Stephen Kaplan

Professor, Religious Studies


  • Ph.D. Religious Studies, Temple University
  • M.A.  Religious Studies,  Temple University
  • B.A.   Religious Studies, Pennsylvania State University

Courses Taught

  • RELS 110      The Nature and Experience of Religion
  • RELS 161      The Nature and Experience of Religion -- Stress Reduction 
  • RELS 314      Hinduism: What is it?
  • RELS 321      Psychology and Religion
  • RELS 354      Buddhism: Its Development and Interpretation
  • RELS 357      Religions of China and East Asia
  • RELS 358      Religions of India
  • RELS 361      Yoga: Philosophy, Praxis and Art
  • RELS 400      Free Will?
  • Research

    Dr. Kaplan specializes in Indian and comparative religions with a specific focus on the Advaita Vedanta school of Hinduism and the Yogacara school of Buddhism.  In addition a number of his works have been interdisciplinary engaging holography as well as the neurosciences as heuristic tools for understanding traditional philosophical issues.  He has used the holographic model of David Bohm, quantum physicist, to create a model for religious pluralism in which there are more than one ultimate, not penultimate, reality (Different Paths, Different Summits: A Model for Religious Pluralism 2002 Landham: Rowman and Littlefield).  In addition, he has compared the holonomic model of the brain put forth by Karl Pribram, neuroscientist, with the Advaita theory of mind (Hermeneutics, Holography, and Indian Idealism 1987 Delhi: Motilal Banarsidass).

  • Publications and Scholarly Activities

    In addition to his books, Kaplan has published articles in a number of edited volumes and leading journals such as Journal of the American Academy of Religion, Philosophy East and West, Journal of Indian Philosophy, Journal of Asian Philosophy, Zygon, Journal of Religious Pluralism, International Journal of Hinduism, and Eastern Buddhist.  His most recent work, "Scientific Approaches to Mysticism," appears in the Oxford Research Encyclopedia of Religion.  He is currently working on a book entitled "Advaita Vedanta, the Neurosciences, and the Problem of Reductionism: What does it mean to be human?"

  • Honors, Awards, and Grants

    Dr. Kaplan received a 2002 Science and Religion Course Award from the Center for Theology and Natural Sciences. This grant was for the design and implementation of Mind, Brain and the Search for the Self - an interdisciplinary and cross-cultural approach to understanding human nature, utilizing materials from religion, philosophy, the neurosciences and the field of artificial intelligence. In 2006, Kaplan was a Senior Investigator at the Mind & Life Summer Research Institute exploring the intersections of Buddhist thought and the neurosciences.  Kaplan was honored by the veteran-students of Manhattan College (Valor Association) as the first Agnes Flynn Veteran's Professor (2015).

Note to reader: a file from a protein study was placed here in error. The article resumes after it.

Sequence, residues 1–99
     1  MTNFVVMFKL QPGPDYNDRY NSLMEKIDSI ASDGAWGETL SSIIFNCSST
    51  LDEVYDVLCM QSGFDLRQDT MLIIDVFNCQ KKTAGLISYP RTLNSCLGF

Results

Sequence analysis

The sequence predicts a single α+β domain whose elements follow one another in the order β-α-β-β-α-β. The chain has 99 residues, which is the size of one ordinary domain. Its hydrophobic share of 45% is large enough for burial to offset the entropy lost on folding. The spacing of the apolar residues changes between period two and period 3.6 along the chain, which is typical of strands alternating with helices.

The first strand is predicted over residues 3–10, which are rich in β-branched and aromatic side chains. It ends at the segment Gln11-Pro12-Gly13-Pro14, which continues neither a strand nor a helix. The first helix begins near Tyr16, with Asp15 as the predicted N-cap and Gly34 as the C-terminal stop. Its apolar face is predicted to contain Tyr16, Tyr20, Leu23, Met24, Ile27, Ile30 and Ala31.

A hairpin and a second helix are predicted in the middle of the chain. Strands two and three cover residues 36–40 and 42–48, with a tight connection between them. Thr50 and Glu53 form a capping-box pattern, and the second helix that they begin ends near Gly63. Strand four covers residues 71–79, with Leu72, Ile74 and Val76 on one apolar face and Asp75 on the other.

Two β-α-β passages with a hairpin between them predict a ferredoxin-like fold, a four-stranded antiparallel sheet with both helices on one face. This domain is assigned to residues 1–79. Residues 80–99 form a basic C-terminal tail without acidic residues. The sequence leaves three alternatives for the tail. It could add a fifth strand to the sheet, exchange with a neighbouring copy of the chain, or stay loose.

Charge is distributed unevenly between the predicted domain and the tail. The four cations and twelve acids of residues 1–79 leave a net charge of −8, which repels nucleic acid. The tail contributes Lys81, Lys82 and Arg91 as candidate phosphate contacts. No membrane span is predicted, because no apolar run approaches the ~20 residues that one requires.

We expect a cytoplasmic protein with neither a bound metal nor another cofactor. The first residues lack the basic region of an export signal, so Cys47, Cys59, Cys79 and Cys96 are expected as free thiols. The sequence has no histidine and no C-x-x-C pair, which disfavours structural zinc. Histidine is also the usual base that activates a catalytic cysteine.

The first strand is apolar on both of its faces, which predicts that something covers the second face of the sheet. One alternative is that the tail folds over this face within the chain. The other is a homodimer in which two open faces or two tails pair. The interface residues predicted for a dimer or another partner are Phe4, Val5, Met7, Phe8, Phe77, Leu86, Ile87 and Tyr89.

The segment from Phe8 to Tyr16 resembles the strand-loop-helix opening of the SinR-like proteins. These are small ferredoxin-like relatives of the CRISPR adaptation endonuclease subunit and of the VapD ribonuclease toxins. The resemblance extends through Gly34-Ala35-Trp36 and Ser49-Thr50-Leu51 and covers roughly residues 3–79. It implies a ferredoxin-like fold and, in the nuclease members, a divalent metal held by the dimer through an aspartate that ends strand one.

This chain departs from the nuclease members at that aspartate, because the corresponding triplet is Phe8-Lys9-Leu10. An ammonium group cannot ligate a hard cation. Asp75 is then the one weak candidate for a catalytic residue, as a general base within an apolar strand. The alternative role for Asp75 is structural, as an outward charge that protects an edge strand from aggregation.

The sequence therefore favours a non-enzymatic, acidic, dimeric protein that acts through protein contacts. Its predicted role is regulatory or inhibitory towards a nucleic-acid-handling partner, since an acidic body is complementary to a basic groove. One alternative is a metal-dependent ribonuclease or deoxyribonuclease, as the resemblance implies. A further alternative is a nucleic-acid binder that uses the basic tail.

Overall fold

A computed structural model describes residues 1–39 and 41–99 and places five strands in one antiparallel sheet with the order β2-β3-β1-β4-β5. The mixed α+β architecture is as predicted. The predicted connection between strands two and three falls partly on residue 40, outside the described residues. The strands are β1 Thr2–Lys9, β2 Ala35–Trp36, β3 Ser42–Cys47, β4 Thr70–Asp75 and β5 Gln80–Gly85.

• Other

    In addition to his scholarly pursuits, Stephen Kaplan was involved for many years in New York City public school reform. He has chaired the development and establishment of an alternative elementary school - PS 51. He also received a New Vision II Award to open a public middle school in New York City. This school, the Jonas Bronck Academy, an educational collaboration with Manhattan College, originally located on the MC campus, has moved to a new location in the Bronx. Kaplan was engaged as a community organizer for over a decade working on the redevelopment of the Kingsbridge Armory, an enormous abandoned building, as a commercial, recreational, and educational center.

    Most recently, he initiated a new program at Manhattan College for veteran-students—Veterans @ Ease. Working in collaboration with Warriors at Ease, a non-profit dedicated to stress-reduction for veterans, and the Sivananda Ashram and Yoga Retreat (Bahamas), all incoming veteran-students are eligible to enroll in the introductory Religious Studies course (RELS 161).  This course not only introduces student to the different ways to study religion and to a variety of different religions, but these particular sections introduce the students to Indic theories of mind and yoga. With this background, each veteran-student is invited, at MC expense, to attend a 4 day retreat run by Warriors at Ease at the Sivananda Ashram and to participate in follow-up sessions on campus.  The goals of this program are 1) to facilitate the successful transition to civilian-academic life, 2) to introduce stress reduction techniques for daily use, and 3) to provide avenues for veteran-students to bond with other veteran-students.